Christiaan Mitchell is a lawyer who holds masters degrees in philosophy and education. He lives and works in Bartlesville.
A couple of weeks ago Williams announced that it was cutting approximately 100 jobs in Tulsa. This announcement was front-page news and sent ripples of anxiety through the entire community.
Can you imagine the uproar from the business community if these jobs had been lost due to a policy decision at the state Legislature? If the folks down in Oklahoma City had passed a bill that would, on its own, destroy 100 decent middle-class jobs in Tulsa, we could expect a full court press attack by the Chamber of Commerce. And any legislator who had his or her fingerprints on the measure would not be long for the statehouse.
Ten days after the Williams cuts hit the news, the Oklahoma City Public School System announced that it would be cutting 208 teaching positions due to state funding shortfalls. Over 200 decent middle-class jobs have been lost in Oklahoma City alone as a direct result of the Legislature’s unwillingness to pay its bills. More districts are now following suit in announcing layoffs of administrative staff and teachers. Yet the response from the business community has been muted, at best.
We are used to talking about education cuts in terms of how they are going to impact our children’s futures and the long-term economic impacts of an educationally crippled workforce. But the focus on these very important and real problems can cause us to miss the short-term economic impact these cuts are going to have.
Oklahoma City Public Schools is cutting jobs to save $8 million in teacher salaries and benefits. That is $8 million not going into the pockets of Oklahoma City families; $8 million not being spent on groceries, or gas, or movie tickets; $8 million not going to pay for a car when Junior turns 16, buying refrigerators, or paying mortgages; $8 million not doing the economic work that keeps our economy functioning.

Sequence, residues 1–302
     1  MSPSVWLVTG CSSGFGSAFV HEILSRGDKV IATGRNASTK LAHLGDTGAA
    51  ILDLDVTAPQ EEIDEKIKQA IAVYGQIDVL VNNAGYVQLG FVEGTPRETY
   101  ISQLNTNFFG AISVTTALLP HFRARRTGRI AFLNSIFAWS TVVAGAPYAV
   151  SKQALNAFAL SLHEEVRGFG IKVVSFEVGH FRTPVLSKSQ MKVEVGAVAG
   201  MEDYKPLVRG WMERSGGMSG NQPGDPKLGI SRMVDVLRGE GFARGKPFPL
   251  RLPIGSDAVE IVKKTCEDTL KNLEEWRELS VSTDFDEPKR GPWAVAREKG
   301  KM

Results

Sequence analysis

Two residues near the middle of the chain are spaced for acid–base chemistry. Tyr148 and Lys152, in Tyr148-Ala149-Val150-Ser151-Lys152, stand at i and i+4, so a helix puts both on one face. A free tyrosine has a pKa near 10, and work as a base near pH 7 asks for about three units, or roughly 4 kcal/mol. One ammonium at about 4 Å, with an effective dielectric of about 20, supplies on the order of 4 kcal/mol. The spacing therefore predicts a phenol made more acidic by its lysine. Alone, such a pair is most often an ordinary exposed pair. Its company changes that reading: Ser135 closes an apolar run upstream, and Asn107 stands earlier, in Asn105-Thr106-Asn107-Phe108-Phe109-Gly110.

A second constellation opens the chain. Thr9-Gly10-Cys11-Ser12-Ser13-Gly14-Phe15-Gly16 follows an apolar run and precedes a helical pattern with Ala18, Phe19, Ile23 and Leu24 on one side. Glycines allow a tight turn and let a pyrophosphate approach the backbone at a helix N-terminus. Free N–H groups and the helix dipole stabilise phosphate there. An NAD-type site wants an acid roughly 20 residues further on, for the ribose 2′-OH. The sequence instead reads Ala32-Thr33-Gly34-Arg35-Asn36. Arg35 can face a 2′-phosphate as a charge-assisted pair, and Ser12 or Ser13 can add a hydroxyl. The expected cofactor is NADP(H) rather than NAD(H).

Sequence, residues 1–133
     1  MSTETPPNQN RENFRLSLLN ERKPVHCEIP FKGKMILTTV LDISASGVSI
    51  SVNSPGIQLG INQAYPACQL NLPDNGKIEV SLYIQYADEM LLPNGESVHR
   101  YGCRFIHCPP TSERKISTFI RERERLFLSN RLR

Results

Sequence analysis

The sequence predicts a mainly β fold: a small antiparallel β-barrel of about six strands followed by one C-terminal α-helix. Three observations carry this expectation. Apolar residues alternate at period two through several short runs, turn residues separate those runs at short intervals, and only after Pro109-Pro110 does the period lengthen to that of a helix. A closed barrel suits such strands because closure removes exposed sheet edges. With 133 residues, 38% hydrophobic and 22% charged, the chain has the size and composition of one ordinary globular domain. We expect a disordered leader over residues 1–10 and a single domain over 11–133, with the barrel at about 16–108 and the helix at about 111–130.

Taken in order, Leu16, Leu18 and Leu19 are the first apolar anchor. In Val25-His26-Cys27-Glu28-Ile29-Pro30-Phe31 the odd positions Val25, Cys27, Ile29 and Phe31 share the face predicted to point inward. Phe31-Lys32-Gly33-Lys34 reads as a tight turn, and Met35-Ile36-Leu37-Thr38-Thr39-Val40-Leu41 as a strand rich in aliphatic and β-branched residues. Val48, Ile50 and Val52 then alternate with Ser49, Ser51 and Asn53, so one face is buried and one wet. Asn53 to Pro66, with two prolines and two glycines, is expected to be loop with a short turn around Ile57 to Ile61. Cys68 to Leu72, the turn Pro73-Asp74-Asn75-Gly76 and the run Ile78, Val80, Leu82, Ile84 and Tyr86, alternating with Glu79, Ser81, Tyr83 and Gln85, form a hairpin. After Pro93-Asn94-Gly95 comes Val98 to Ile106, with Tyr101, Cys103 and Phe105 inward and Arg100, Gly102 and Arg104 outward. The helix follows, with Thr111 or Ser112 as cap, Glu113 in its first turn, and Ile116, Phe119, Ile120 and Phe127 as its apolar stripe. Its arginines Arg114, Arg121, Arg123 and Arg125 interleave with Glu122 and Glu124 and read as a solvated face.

Statewide, we have already seen millions taken out of the state’s economy due to this year’s revenue failures, just in cuts to common education. Higher education has lost $56 million this year, and the overall state budget has been cut by over $400 million. More and deeper cuts are expected in the next year.
In all of the Republican clamor over “runaway government spending,” we too often fail to ask just where all this money is going. While a relatively small portion of it winds up overseas, the vast majority ends up in the pocket of hardworking Americans. Federal, state, and local governments are some of the largest consumers of goods and services in the country. In 2016 the federal government alone will pump over $10 billion into Oklahoma’s economy as a regular part of its procurement and granting process.
Of course, we are told that the legislature is making these cuts because they have to. Government revenues are down, we are facing a $1.3 billion shortfall, and so something has to give. But with numerous reasonable ways to close the budget gap, it is pretty hard to see the failure to seek new revenues as anything other than a choice.
So we should remember that while our economy is suffering from a collapse in oil prices (and our failure to prepare for this all-but-certain eventuality), government cuts don’t save anybody much money. Instead, they squeeze money out of local economies so that our legislators can claim that they are being fiscally responsible in the face of their own unwillingness to put Oklahoma’s well-being ahead of their own political careers.
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